Likewise, throwing in a more challenging encounter other than the conventional “gatekeeper” encounters can help keep things fresh and interesting in an RPG. It can encourage the player to adapt and use less “brute force” tactics. Or encourage him to finally put those one-shot magic items he’s been hording to good use. Or he may exercise some freedom of choice and skip the encounter, possibly coming back to it later in the game after he has progressed a little bit further (thus providing another ‘anchor.’)  It keeps things interesting.

One final, tangential word: Even as combat difficulty should be varied as it scales, combat style (for lack of a better word right now) should also be varied. Even at early levels, the player should face combat encounters that require different approaches. Enemies should vary far more than just having more hit points and do more damage with their claws and bite attacks. Encounters should vary the “best” approach, including types of attacks, types of defenses, tactical positioning, use of items, use of the environment. There can even be encounters which are best fought by not fighting at all, but luring the enemy into a trap.

Variety is the spice of life, and it is definitely the spice of any RPG.

(Image above is from the 1E AD&D Monster Manual. (c) 1979 TSR. Good ol’ David Trampier art…)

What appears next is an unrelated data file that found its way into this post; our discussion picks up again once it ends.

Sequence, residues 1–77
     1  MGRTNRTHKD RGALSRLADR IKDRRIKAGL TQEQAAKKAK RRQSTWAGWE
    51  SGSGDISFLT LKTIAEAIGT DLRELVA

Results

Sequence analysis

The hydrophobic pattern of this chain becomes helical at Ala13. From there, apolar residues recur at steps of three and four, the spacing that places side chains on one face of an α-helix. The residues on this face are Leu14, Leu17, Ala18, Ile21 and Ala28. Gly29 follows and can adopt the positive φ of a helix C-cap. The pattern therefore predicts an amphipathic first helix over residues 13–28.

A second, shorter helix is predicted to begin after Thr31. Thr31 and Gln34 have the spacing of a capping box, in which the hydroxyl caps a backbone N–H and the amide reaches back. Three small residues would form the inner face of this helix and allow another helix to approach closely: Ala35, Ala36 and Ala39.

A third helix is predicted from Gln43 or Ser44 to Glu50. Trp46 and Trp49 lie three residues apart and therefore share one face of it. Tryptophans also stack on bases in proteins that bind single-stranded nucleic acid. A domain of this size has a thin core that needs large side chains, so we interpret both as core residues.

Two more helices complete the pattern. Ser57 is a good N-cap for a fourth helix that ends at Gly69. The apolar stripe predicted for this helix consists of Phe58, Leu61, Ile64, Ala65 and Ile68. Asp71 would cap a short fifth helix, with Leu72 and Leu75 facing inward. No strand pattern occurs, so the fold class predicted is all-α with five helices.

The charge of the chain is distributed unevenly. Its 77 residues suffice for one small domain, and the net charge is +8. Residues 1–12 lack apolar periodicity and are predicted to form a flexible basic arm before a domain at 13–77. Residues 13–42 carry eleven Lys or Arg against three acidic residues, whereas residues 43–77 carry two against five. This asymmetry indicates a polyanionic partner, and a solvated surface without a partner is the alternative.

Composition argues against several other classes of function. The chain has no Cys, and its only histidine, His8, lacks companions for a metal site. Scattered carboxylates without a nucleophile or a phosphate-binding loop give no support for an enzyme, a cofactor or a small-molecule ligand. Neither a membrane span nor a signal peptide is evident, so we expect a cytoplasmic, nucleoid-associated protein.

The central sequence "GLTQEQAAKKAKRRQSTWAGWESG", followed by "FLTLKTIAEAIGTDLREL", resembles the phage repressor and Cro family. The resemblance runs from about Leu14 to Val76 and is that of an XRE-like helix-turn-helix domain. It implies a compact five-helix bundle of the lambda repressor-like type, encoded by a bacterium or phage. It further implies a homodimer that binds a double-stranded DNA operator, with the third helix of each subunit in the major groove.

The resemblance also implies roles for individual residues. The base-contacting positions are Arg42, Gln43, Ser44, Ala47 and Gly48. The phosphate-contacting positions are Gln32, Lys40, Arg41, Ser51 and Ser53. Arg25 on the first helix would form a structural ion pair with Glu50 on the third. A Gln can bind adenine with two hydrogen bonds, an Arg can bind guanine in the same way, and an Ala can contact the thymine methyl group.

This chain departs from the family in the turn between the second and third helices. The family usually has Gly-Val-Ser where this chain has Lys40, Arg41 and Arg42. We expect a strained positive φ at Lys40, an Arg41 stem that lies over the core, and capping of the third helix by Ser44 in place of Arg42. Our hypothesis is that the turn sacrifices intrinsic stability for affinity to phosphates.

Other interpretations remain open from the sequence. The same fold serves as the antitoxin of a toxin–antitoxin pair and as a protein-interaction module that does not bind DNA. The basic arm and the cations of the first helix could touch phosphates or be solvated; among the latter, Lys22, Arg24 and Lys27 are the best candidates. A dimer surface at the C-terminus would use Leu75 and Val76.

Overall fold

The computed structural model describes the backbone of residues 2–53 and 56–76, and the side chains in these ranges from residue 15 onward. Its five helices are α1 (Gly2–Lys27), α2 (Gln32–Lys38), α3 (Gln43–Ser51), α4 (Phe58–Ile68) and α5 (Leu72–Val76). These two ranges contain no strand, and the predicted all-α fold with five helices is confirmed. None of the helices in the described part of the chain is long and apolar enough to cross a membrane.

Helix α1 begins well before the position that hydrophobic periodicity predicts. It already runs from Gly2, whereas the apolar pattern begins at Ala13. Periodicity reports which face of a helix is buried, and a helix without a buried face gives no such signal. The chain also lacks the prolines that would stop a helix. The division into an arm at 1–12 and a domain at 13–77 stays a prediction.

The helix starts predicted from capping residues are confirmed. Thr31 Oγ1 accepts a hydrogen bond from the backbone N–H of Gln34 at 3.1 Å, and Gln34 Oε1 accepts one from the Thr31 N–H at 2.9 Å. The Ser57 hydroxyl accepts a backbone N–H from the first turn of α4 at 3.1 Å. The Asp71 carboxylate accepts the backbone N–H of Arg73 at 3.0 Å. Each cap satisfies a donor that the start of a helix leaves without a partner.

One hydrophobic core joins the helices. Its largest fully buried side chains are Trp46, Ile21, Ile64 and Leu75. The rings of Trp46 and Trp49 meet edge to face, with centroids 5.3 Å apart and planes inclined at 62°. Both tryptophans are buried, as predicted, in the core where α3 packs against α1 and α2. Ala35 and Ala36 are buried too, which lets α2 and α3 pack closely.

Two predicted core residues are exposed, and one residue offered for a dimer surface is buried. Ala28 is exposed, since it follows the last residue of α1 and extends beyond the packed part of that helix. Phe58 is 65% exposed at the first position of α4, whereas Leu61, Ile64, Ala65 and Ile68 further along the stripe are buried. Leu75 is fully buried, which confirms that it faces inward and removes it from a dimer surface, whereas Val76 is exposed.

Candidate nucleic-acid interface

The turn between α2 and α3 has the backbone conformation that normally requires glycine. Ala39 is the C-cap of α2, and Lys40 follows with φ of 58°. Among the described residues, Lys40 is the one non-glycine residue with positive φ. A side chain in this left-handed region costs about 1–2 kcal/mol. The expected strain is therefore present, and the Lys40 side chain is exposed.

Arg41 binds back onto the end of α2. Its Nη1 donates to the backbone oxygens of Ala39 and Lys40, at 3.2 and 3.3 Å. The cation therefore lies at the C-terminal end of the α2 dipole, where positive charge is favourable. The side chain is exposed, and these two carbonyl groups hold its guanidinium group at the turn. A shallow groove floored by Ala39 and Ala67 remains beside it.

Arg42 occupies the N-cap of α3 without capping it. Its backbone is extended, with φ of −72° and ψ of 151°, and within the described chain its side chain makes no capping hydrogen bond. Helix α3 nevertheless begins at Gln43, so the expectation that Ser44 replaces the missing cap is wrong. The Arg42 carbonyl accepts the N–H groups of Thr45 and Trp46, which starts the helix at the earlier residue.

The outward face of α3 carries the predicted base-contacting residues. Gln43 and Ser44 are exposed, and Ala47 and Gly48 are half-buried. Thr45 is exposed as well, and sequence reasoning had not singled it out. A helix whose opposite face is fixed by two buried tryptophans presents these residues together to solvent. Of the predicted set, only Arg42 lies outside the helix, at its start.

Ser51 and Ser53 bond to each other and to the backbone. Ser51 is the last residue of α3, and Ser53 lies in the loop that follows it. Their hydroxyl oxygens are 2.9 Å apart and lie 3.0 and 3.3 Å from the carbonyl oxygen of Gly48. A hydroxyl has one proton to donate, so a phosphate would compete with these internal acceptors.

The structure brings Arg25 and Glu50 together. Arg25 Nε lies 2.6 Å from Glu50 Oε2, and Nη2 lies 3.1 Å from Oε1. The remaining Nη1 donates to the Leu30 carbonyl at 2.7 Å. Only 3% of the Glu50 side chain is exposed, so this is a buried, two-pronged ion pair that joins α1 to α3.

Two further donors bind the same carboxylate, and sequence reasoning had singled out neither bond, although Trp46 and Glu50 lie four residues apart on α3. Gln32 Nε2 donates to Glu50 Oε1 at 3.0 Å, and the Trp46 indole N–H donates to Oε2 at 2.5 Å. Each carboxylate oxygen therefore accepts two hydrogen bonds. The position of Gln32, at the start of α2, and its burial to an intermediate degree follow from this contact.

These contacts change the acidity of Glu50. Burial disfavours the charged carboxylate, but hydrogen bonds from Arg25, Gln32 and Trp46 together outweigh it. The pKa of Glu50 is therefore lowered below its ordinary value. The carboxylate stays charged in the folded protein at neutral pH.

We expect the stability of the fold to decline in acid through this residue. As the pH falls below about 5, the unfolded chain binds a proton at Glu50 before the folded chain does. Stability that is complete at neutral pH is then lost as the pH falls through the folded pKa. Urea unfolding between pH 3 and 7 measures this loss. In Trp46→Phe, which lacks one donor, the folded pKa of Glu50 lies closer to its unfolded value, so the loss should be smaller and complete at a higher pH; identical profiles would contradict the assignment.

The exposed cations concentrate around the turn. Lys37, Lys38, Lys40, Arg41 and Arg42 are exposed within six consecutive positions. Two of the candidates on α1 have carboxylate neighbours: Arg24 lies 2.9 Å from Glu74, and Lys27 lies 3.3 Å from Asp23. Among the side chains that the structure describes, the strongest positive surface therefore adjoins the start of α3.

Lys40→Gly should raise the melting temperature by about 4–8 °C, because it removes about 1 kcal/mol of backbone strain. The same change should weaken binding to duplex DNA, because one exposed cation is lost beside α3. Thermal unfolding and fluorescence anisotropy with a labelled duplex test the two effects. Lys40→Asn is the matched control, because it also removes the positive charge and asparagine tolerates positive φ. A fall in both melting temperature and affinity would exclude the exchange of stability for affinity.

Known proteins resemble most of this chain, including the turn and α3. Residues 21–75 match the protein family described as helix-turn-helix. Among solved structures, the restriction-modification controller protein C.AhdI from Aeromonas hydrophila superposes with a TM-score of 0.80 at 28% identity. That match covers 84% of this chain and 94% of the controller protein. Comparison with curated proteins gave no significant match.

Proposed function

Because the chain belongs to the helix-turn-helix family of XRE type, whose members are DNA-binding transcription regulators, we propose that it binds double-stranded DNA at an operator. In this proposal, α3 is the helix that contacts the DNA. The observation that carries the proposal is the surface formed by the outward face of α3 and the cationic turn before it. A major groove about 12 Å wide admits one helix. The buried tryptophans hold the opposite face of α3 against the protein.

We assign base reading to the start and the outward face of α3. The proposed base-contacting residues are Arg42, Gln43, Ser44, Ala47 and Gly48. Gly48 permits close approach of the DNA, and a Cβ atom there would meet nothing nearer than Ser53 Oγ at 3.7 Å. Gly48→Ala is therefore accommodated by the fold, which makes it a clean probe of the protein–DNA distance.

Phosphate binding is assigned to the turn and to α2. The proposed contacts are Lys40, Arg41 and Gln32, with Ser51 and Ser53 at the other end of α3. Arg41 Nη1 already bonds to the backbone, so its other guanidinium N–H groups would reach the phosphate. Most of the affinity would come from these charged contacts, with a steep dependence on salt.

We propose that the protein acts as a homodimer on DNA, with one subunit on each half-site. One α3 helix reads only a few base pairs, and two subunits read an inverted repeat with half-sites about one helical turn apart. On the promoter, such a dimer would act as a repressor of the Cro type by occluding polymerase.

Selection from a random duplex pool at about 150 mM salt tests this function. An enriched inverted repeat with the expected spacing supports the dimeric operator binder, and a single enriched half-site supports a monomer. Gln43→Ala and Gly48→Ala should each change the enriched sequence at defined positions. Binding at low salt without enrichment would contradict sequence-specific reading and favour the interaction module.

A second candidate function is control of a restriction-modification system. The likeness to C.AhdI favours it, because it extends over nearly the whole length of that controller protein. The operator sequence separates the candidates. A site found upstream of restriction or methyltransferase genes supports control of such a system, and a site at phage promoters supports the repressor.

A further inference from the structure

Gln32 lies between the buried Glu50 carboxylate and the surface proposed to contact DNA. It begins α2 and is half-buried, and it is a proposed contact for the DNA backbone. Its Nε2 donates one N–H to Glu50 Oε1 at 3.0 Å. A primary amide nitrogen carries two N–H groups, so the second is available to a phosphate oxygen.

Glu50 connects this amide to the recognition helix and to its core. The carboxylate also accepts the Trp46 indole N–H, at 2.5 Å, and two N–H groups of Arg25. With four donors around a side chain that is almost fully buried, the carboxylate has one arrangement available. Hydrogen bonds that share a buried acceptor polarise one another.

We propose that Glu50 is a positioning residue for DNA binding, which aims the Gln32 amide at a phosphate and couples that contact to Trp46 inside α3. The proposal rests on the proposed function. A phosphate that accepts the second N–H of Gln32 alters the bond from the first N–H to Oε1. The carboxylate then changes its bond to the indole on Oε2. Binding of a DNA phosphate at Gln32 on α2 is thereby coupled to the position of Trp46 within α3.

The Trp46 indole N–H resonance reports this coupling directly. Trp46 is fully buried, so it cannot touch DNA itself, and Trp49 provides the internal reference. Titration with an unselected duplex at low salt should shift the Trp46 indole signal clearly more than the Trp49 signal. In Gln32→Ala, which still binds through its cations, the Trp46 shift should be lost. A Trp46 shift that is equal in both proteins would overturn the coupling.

Filed Under: Design - Comments: 4 Comments to Read



  • EHamilton said,

    The point at which this problem began was late in the development of AD&D (around the time of Unearthed Arcana) where the concept of “portable spellbooks” became formalized. Gygax tried to balance this out by demanding careful monitoring of the passage of time, and increasing random encounters as time was being spent. But most people just ignored that level of detail due to the extra paperwork it entailed. (Only the Gold Box games have attempted to implement this system as described.)

    Previously magic had functioned as a fixed resource for a given adventure, and could only be restored between sessions. After that, magic became something that could be used up to the limit during every encounter. This permanently damaged game balance for high-level mages and clerics, who suddenly became godlike. But it also affected all CRPGs by removing spell-restoration mechanics as a determinative element of play, which made all random encounters feel like pointless time-sucks.

    I’ve always loved games that have a section where you can’t rest, and you need to keep moving forward through encounters to reach a safe place beyond. That kind of design doesn’t happen very often in CRPGs any more. It’s part of the reason why I recollect old games like Curse of the Azure Bonds (the dracolich!) or BT (Kylearan’s Tower!) as being so much more exciting than modern games.

  • Fumarole said,

    I agree with the hills and valleys for challenge. I think that ideally it should pretty much follow the pacing of Star Wars as illustrated here.